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GPs go forth

Today's NHS Bill is merely another symbolic move

Dr Kailash Chand

Today, Parliament is debating on the NHS Bill, as promised in the Queen’s Speech, to increase the annual day-to-day health service budget by £34 billion by 2023-24. I believe it will pass. 

However, this is largely the same as the figure of £20.5b pledged by Theresa May in 2018, without adjusting for inflation.

This funding is far below comparable funding of other developed countries, and passing the Bill appears to be a largely symbolic move.

And this by no means meet the requirements to lift the NHS that’s engulfed in massive staffing crisis, with a nursing shortage of 40,000 in England and a decline in the number of GPs per person for the first time in 50 years.

The Government’s promises of 50,000 extra nurses, 6,000 extra GPs and other staff will be difficult to deliver. Without more GPs, the promise of 50 million extra appointments a year will prove illusory, even with more physiotherapists, pharmacists and other healthcare professionals working in surgeries to take some pressure off GPs.

The millions of people affected by longer and longer waits are likely to become Boris Johnson’s biggest problem within the NHS - he has no obvious plan to resolve this.

The only way to deliver this is overseas recruitment, on a larger scale than his promises assume. In social care, again, foreign nationals will be an indispensable support to a system that already suffers significant shortages, yet is likely to need even more.

This NHS Bill ignores real issues, like public health and social care

The issues facing the NHS span far beyond a simple workforce crisis – it has crumbling infrastructure and an underfunded system blighted by privatisation, dramatically affecting patient care at all levels.

I see overworked staff, with too many responsibilities and not enough resources, meaning compromised patient care, insulting diagnoses, and inappropriate treatment. An NHS in this state is a stain on the country, and an ongoing risk to patient safety. The NHS Bill ignores real issues, like public health and social care.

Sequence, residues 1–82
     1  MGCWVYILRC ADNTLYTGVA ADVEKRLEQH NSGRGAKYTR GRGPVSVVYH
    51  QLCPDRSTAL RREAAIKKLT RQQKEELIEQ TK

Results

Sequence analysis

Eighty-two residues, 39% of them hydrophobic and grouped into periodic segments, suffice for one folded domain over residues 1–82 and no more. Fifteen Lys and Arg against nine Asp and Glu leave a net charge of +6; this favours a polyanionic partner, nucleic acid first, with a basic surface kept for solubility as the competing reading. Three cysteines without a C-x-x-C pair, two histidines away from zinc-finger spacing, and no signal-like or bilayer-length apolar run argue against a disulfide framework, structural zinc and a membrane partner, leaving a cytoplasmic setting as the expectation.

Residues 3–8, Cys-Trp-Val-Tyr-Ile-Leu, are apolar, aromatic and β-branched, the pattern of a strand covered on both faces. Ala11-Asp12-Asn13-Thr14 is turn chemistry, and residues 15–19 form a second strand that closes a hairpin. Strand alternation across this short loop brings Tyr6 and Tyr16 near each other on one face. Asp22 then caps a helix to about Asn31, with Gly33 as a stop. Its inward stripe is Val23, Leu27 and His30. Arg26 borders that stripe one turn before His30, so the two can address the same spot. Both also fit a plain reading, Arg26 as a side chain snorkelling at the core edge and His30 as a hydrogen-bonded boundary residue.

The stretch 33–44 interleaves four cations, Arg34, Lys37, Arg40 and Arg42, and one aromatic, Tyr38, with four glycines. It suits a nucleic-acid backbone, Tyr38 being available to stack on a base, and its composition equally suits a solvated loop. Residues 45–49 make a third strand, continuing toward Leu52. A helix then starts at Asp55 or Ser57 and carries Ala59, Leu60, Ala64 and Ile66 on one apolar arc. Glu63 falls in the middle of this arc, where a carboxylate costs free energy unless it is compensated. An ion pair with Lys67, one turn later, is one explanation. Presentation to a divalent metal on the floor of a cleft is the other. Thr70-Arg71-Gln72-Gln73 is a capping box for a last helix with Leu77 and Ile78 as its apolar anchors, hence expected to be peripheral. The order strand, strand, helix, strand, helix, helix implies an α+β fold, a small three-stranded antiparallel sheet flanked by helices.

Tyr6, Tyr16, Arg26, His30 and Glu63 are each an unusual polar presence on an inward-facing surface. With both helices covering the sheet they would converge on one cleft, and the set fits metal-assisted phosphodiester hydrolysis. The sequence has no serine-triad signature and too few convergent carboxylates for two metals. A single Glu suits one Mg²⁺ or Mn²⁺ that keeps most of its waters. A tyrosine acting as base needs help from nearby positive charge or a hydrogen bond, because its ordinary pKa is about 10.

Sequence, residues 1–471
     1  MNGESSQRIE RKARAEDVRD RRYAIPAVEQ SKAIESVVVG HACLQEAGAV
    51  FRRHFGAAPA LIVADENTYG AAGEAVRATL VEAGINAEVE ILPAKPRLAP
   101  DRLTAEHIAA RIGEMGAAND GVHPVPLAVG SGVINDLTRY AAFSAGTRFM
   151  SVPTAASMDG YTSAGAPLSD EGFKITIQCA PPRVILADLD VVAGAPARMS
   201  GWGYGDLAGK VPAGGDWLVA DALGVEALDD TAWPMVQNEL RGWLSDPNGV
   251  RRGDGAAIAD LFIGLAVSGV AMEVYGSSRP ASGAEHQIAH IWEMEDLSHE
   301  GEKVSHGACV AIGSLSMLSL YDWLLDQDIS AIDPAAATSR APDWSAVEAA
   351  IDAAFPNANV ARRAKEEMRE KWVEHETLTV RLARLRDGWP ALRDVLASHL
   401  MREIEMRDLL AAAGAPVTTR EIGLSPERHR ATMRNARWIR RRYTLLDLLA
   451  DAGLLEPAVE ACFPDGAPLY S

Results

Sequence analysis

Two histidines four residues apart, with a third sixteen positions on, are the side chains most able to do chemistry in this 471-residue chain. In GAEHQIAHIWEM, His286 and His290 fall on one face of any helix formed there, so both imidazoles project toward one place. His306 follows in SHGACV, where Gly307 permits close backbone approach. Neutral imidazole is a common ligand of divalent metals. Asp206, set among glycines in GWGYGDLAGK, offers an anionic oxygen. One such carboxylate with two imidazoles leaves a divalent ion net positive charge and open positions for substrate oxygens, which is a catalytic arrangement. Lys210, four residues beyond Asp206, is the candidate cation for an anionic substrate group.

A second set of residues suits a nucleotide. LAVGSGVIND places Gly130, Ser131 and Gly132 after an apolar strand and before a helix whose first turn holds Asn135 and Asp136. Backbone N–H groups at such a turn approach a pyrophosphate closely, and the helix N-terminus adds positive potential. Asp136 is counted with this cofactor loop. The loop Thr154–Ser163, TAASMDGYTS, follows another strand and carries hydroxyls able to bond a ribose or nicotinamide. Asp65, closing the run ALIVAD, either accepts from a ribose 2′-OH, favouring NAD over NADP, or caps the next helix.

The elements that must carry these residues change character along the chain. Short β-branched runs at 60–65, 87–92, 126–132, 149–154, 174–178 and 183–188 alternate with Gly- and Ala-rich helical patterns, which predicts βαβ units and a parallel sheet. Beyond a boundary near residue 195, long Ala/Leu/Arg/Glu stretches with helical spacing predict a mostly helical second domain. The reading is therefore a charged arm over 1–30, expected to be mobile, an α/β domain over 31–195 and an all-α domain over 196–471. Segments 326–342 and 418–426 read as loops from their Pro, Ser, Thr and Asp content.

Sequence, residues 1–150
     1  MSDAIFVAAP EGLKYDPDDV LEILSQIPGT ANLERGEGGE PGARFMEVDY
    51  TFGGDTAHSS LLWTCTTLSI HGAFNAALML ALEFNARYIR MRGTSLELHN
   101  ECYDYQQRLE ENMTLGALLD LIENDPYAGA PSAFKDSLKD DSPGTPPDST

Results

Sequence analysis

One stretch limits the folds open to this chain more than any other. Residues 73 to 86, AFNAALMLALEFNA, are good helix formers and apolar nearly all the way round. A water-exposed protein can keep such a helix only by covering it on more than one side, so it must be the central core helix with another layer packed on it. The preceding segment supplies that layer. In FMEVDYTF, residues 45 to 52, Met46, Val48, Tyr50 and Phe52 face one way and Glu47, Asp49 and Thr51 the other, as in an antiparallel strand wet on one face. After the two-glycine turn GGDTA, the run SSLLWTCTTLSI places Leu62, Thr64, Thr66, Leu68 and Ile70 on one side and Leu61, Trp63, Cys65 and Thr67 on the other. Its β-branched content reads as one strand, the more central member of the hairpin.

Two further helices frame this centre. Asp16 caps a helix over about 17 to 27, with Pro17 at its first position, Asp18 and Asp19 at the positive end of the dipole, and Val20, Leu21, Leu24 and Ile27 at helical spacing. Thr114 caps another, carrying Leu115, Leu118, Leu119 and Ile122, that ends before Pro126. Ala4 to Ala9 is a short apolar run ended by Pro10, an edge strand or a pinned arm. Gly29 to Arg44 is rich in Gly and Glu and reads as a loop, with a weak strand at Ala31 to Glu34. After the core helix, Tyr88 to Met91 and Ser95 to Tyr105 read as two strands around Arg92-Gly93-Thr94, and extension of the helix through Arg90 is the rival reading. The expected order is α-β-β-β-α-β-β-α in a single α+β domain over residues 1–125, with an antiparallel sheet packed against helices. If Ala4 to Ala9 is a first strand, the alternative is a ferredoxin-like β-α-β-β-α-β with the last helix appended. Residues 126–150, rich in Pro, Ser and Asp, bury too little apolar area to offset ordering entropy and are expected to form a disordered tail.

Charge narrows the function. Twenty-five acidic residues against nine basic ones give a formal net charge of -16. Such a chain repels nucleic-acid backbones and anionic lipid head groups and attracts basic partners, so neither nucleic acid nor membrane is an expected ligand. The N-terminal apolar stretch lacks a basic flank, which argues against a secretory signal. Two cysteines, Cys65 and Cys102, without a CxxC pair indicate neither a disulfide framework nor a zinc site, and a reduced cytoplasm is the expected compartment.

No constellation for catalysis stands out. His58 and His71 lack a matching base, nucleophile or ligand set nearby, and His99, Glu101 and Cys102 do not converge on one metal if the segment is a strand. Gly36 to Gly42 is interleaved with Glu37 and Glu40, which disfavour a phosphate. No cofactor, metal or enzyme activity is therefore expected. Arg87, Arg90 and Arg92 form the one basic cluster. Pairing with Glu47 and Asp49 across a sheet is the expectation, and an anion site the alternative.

In my view, the NHS funding is no increase in real terms - it’s simply a political gimmick of a Bill. The Bill attempts to tick the box of the Prime Minister’s promise of increased spending in the NHS in law, but the test will be whether the uplift outlined in the Bill, albeit in cash terms, is sufficient to deliver on the promises he made before and after the General Election.

This Bill fails the Prime Minister’s test, because the proposed level of health expenditure won’t drive down waiting lists or drive up A&E performance to the levels patients deserve.

What’s more, it’s in no way sufficient to enable delivery of the long term plan.

The Conservatives fought the 2015 General Election on the vow of delivering 5,000 extra GPs, but numbers in our profession have reduced. Now, the Government is imposing pension tax arrangements that are driving GPs out of the NHS, or causing them to cut back on their shifts. The Bill doesn’t provide a solution to this, despite it being one of most crucial ingredients to recruitment and retention.

Many stakeholders, NHS Providers, the BMA, the Health Foundation, the Institute for Fiscal Studies, among others, have no hope from this Bill, and I’m with them.

Dr Kailash Chand OBE is a retired GP in Tameside

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Readers' comments (1)

  • “the proposed level of health expenditure won’t drive down waiting lists or drive up A&E performance to the levels patients deserve.“

    The word “deserve” needs to be scrutinised here because you are lumping all patients into the same basket which is unrealistic. Telling all people what they “deserve” to have for free by the state feeds poeple’s sense of entitlement and unrealistic expectations of what the state should provide for them. Instead of nannying people in this way perhaps it might be more useful to tell people that the state can only provide a certain level of service for free and if they want something more then they will have to find another provider?

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